13 Tools to Tame Winter

Get equipped to handle snow and ice.


| November/December 2008



Due North Grippers

DueNorth grippers work in much the same way as the YakTrax, slipping over your shoe to provide extra traction.

courtesy Due North

Snow and ice season is just around the corner, and if you aren’t prepared you could wind up spinning your wheels or flat on your back. Managing the white stuff is a life-saving necessity for folks who live out where the pavement ends. For others, it is a combination of convenience and cost savings. In either case, with the right tools on your team, winter’s worst doesn’t have to slow you down.

From a novel shovel design, guaranteed to save your back, to machinery that’s guaranteed to effortlessly put snow where you want it, to ice-melting flamethrowers and traction devices that’ll keep your feet beneath you and your tires rolling true, we’ll show you how to plow your way through the season. And with any luck, we’ll all have some fun in the process.

1. Shovels. We have nothing against moving snow with a grain scoop or even a traditional snow shovel, but if you need to move plenty of snow and want to do it by hand, you should consider the award-winning Wovel. This ingenious device consists of a shovel mounted on a single wheel that requires no lifting, relying instead on a lever and fulcrum to throw the snow. Billed as the world’s safest snow shovel, the Wovel is almost as fast as a snow thrower, requires no fossil fuel and is perfect for larger driveways and short lanes. Learn more at www.Wovel.com.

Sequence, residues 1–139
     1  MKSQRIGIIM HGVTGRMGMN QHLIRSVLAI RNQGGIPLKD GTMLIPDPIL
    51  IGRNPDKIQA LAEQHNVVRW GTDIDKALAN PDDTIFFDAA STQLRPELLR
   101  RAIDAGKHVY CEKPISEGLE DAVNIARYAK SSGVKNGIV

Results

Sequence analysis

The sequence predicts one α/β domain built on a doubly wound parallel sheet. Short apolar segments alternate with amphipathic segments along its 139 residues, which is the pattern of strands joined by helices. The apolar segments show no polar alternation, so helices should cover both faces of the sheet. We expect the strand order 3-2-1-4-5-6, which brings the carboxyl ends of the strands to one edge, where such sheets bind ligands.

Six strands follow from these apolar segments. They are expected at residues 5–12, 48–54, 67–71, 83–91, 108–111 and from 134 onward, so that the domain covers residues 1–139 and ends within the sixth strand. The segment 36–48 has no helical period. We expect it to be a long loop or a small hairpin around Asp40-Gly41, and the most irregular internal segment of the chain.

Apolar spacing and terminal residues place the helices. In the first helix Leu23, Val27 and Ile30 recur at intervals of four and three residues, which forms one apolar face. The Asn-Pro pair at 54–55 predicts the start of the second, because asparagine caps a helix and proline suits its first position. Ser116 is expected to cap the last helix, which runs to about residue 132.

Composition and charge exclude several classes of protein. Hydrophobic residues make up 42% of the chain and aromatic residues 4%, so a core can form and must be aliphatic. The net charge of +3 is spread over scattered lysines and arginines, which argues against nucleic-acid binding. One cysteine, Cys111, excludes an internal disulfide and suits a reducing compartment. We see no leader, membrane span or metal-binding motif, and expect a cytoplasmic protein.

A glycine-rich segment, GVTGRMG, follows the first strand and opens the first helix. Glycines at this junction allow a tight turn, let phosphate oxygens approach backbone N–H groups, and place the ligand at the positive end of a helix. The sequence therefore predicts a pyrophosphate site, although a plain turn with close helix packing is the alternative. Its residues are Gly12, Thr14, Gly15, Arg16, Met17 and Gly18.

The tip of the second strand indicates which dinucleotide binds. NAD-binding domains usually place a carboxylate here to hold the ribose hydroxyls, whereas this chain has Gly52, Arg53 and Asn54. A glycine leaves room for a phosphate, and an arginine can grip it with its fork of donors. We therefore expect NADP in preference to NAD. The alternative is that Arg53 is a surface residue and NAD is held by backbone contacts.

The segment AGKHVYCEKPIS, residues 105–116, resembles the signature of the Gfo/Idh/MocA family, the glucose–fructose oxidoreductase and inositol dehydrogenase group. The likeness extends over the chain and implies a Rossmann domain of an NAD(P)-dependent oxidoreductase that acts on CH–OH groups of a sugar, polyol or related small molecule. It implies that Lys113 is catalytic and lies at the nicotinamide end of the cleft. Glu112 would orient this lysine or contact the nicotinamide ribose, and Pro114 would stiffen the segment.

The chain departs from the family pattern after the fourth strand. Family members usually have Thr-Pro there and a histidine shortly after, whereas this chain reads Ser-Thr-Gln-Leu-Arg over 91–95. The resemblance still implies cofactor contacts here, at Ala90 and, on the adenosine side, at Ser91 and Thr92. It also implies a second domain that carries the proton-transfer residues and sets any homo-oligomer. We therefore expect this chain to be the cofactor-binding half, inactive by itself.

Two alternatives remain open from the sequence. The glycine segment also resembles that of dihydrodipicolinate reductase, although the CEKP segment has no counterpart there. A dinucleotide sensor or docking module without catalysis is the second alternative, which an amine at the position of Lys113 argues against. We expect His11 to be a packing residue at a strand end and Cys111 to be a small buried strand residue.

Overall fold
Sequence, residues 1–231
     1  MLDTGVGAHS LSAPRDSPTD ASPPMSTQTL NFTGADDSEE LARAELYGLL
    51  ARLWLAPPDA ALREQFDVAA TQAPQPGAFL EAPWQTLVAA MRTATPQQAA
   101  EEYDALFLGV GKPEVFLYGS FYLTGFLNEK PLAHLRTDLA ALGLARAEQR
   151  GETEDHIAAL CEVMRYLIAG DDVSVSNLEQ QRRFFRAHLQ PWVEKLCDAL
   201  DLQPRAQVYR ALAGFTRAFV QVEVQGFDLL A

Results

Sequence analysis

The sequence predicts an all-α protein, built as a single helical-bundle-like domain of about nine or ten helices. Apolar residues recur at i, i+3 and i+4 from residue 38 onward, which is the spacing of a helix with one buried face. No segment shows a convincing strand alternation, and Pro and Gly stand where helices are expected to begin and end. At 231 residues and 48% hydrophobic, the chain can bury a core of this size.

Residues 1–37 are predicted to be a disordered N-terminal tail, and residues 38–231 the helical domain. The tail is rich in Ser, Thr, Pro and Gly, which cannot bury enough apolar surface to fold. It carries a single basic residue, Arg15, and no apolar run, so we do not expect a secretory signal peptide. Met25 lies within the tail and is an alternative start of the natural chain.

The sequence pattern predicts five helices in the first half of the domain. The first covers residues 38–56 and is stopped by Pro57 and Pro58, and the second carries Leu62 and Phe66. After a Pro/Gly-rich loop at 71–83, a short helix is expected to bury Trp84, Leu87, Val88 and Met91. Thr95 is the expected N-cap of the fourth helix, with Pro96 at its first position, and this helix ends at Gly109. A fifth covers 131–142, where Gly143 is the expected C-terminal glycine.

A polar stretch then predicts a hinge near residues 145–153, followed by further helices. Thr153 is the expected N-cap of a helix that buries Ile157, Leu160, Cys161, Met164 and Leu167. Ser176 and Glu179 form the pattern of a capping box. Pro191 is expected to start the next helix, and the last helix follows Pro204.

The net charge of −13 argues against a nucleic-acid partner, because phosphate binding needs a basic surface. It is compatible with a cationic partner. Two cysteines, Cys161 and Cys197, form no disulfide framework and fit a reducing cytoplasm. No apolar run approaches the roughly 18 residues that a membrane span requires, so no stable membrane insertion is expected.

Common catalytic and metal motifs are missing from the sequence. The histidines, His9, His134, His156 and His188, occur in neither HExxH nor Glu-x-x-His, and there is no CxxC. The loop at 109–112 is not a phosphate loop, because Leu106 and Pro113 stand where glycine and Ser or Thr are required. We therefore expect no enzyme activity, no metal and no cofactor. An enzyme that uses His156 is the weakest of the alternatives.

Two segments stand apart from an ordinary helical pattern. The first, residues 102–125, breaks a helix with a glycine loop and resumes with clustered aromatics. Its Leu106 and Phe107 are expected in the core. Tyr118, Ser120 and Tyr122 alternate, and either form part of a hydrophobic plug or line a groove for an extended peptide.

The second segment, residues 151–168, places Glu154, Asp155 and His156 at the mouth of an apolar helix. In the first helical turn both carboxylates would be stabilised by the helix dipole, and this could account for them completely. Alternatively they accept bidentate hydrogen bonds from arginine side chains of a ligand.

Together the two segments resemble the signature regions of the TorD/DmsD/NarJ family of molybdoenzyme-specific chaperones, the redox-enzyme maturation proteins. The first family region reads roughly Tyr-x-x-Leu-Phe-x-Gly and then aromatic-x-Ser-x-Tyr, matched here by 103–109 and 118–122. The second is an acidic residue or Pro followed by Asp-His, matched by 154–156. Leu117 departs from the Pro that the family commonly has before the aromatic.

2. Walk-behind snow thrower. If the Wovel doesn’t suit your fancy, or you have a little more snow to move, you might consider a walk-behind snow thrower (sometimes called a single-stage snow blower). These little devices use electricity or engine power to turn an augur or set of paddles that lift the snow up off the ground and throw it out of the way. Most snow throwers aren’t self-propelled, so they are best used where the snow is fluffy and you don’t have too much of it to move. If your driveway is paved with gravel, you will want to think twice about using a thrower. Check with ToroCub Cadet or your favorite outdoor power product dealer to sort through the possibilities.

3. Walk-behind snow blower. This big brother to the snow thrower is designed to move more snow faster. These so-called two-stage machines employ an auger or paddle arrangement to feed snow to a fan-like blower that sends the white stuff flying with force. Snow blowers are generally self-propelled, powered with gasoline-burning engines and capable of powering their way through everything from hard-packed drifts to wet, slushy precipitation. These machines are best used on paved surfaces, but will work well on frozen gravel coated with a compacted layer of snow. Check your local Ariens dealer for a complete lineup of blowers with roots that go back more than half a century.

4. Walk-behind blades. It used to be that the garden tractor industry was based on two-wheeled, walk-behind machines. For the most part, they were replaced with riding tractors during the 1960s. However, if you already own a two-wheel machine, such as DR Power’s Field and Brush Mower or a BCS rear-tine tiller, you can just remove the mowing deck or tiller and attach a blade to push all but the deepest snow out of your way. DR also offers a high-capacity snow thrower attachment for its power unit.





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